Figure 2.

Changes in seasonal mean surface temperature (°K) relative to the CTRL simulation: (a) TREE simulation, DJF, (b) TREE simulation, JJA, (c) GRASS simulation, DJF, and (d) GRASS simulation, JJA. Shown are changes at 95% statistical significance level averaged over the last 100 years from the 400-yr run with fixed vegetation cover.

[17] In the GRASS simulation, temperatures go down by 2–4°C over most of the northern hemisphere continents during both winter and summer seasons (Figures 2c and 2d). This is mainly a response to the albedo increase of the deforested areas. In contrast, deforested tropical forest regions show an increase in temperature due to reduced transpiration. This is especially valid for the western Amazon region where the temperature increases by up to 5°C. Overall, the surface temperature declines by 0.6°C and 0.8°C for global and land averages, respectively. This global cooling is in particular due to the response of sea ice and SST, which is pronounced in the Arctic region during winter. Atlantic MOC at 30°N increases from 15.6 to 17.7 Sv.

[18] Changes in annual precipitation are shown in Figure 3. The TREE simulation produces in general more precipitation over land than the CTRL simulation (Figure 3a). In particular, rainfall increases strongly over monsoon regions in North Africa, Asia and East Asia. In contrast, the weakening of the Atlantic MOC leads to less precipitation over the northern North Atlantic and to a slightly drier climate in Western Europe. The GRASS simulation is drier in most regions, especially in the tropical areas where massive deforestation leads to a substantial reduction of moisture recycling.

Figure 3.

Changes in annual mean precipitation (mm/yr) relative to the CTRL simulation: (a) TREE simulation and (b) GRASS simulation. Shown are changes at 95% statistical significance level averaged over the last 100 of the 400-yr run with fixed vegetation cover.

[19] The time evolution of global mean surface temperature is shown in Figure 4. In response to the instantaneous increase in forest cover at the beginning of the TREE simulation, temperature increases rapidly by about 0.5°C with a slow warming trend thereafter. In the GRASS simulation, the temperature change during the first 100 years is not as abrupt as in the TREE simulation. After 300 to 400 years of model integration, the global mean annual surface temperature increases by 0.7°K and declines by 0.6°K in the TREE and GRASS simulations, respectively. Thereafter, the vegetation cover is allowed to respond interactively to climate. After consequent 500 years of interactive climate-vegetation dynamics, both tree and grass simulations converge to essentially the same climate and forest state as in the control simulation (see Figure S1). This convergence suggests the absence of multiple climate-forest states in the current version of the MPI-ESM.

Figure 4.

Dynamics of 10-yr averaged global surface temperature, °C, in CTRL (red), GRASS (green), and TREE (blue) simulations. In TREE and GRASS simulations, vegetation cover was fixed to complete tree or grass cover in the model year 0 and kept constant for 400 years. After the year 400, the vegetation cover responded interactively to climate.

4. Discussion and Conclusions

[20] This is one of the first simulations of a forest and a grass planet using a state-of-the-art Earth System model that includes a dynamic ocean model. The forest planet is warmer by 0.7°K and the grass planet is cooler by 0.6°K in comparison with climate for present-day vegetation cover. The warming effect of global afforestation is less than 1.3°C found in simulations by Gibbard et al. [2005]. This could be explained by a relatively higher tree cover in our control simulation due to a usage of dynamic vegetation model. Besides, a reduction of Atlantic MOC counteracts to a warming caused by global afforestation. This may lead to overestimation of warming in simulations with the slab ocean models [e.g., Brovkin et al., 2003].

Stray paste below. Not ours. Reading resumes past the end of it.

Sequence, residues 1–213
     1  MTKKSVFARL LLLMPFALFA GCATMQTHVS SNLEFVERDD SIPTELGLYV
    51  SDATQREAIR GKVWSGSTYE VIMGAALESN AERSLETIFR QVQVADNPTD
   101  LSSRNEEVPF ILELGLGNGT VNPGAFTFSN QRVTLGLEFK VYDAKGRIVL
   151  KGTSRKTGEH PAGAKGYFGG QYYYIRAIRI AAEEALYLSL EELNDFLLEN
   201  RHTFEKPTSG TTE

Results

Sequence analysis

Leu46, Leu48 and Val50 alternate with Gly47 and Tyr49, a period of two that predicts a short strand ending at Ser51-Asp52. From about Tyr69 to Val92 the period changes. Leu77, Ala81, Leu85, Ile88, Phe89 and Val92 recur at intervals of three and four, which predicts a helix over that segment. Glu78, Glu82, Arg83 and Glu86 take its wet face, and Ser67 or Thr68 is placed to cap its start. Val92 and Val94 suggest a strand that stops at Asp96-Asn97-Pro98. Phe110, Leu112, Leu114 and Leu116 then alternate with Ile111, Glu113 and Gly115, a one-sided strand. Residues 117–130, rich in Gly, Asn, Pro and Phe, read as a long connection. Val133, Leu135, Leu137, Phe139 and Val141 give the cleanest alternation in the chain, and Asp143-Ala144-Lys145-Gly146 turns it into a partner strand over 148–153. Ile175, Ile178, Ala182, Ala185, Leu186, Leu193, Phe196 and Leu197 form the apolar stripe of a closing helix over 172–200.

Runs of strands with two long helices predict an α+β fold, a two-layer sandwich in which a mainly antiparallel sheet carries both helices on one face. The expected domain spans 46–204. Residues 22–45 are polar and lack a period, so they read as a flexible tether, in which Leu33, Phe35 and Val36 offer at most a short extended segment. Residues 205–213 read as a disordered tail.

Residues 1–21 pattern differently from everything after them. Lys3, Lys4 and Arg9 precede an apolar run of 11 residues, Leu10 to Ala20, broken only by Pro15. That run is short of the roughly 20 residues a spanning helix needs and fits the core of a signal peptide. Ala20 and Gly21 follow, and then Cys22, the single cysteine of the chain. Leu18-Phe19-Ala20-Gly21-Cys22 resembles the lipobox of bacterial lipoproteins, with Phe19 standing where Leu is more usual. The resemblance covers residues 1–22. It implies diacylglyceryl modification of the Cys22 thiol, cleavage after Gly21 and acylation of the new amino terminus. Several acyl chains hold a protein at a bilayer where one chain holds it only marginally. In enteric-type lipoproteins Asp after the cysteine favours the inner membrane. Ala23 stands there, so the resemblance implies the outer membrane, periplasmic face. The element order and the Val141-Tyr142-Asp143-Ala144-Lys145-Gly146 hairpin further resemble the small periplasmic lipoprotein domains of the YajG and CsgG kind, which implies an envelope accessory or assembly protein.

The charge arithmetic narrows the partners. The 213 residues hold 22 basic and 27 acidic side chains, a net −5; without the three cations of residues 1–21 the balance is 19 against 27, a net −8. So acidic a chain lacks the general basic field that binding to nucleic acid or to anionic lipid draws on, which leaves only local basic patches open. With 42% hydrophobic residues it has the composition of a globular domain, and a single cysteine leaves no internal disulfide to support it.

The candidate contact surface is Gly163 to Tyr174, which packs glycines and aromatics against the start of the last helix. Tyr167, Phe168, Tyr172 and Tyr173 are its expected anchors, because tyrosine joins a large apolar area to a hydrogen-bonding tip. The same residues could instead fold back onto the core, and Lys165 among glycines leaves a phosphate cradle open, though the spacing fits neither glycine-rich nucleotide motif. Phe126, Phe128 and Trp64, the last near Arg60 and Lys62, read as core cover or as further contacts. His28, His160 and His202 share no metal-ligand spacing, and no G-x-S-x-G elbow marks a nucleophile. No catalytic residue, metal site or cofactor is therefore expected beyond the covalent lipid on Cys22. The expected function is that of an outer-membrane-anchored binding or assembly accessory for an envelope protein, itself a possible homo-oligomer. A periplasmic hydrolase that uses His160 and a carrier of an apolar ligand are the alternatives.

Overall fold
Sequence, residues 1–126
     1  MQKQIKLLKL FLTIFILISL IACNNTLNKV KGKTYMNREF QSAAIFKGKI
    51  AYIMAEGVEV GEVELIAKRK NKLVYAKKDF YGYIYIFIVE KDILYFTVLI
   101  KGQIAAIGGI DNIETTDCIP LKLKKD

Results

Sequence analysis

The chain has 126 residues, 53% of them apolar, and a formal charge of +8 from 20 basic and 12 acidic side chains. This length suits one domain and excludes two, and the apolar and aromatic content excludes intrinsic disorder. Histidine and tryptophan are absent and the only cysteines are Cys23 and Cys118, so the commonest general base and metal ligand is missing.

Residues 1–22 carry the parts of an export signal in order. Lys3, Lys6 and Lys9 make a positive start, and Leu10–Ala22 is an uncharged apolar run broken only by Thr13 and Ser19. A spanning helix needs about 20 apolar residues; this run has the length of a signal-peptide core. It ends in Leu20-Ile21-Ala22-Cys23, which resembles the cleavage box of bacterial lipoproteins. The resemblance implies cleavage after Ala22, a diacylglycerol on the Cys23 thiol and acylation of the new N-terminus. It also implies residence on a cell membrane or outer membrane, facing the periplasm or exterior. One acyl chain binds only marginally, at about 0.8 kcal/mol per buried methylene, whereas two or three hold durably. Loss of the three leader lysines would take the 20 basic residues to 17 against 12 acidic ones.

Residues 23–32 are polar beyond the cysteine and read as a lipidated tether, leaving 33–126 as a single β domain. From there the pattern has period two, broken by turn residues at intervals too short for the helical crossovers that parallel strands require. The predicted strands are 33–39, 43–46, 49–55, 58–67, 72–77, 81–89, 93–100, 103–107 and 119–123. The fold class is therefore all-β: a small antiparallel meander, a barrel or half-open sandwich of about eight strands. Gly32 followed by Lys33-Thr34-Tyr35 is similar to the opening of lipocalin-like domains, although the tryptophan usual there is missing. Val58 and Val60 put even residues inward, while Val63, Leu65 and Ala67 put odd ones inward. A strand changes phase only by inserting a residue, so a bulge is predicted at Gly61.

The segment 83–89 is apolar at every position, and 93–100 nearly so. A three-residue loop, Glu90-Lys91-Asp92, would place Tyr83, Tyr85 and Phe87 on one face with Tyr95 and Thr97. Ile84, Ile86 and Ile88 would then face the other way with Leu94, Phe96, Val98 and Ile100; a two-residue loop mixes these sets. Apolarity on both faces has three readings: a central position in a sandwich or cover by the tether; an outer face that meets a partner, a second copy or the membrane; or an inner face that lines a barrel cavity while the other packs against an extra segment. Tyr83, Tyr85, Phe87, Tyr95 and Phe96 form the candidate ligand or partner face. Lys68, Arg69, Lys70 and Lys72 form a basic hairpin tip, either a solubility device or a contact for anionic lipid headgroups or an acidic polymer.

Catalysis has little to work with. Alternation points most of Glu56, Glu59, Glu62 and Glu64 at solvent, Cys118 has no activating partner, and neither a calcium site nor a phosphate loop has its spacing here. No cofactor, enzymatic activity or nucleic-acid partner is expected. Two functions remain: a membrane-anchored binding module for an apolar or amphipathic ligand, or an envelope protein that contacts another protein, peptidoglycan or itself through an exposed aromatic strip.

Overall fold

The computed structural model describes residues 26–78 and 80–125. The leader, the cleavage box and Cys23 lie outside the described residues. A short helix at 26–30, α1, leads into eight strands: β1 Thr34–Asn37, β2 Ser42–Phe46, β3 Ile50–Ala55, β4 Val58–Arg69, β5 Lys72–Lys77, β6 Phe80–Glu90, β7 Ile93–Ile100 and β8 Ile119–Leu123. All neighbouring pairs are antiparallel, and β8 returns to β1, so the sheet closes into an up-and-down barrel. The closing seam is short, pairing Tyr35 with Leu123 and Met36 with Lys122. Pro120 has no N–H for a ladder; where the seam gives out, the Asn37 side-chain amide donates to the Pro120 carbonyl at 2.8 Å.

[21] Our results corroborate the significant ability of vegetation cover to alter the Earth climate through biogeophysical feedbacks. In particular, the northward treeline shift by greenhouse-induced warming can substantially amplify climate change in high northern latitudes. Our simulations starting from different initial conditions suggest that the MPI-ESM in its current version does not possess multiple climate-forest states.

[22] There are limitations of the experiment setup. In particular, the JSBACH model does not include a module for pedogenesis and hence, for albedo changes caused by changes in soils. Albedo of bare ground is prescribed in accordance to present-day observations, and leaf area index is calculated based on climate conditions and NPP. When vegetation is prescribed in regions with unfavorable conditions for plant growth, the leaf area index is small and the calculated surface albedo is still dominated by the unchanged albedo of bare ground as compared to the CTRL simulation. This is not necessarily correct because even in the presence of sparse vegetation the background soil albedo can be lower because of carbon input from plant litter. This process could substantially modulate a climatic effect of vegetation cover in desert and semi-desert environment.

[23] As an additional limitation, the biogeochemical effects of vegetation cover changes were not accounted for. A related issue pertains to the time scale of analysis: on centennial to millennial time scale the ocean biogeochemistry buffers most of the atmospheric CO2 changes induced by an altered land cover. This is a subject for further studies.


[24] The authors are grateful to Peter van Bodegom, Zhengyu Liu, and an anonymous reviewer for constructive and helpful comments on the manuscript. The simulations were performed at the German Climate Computing Center.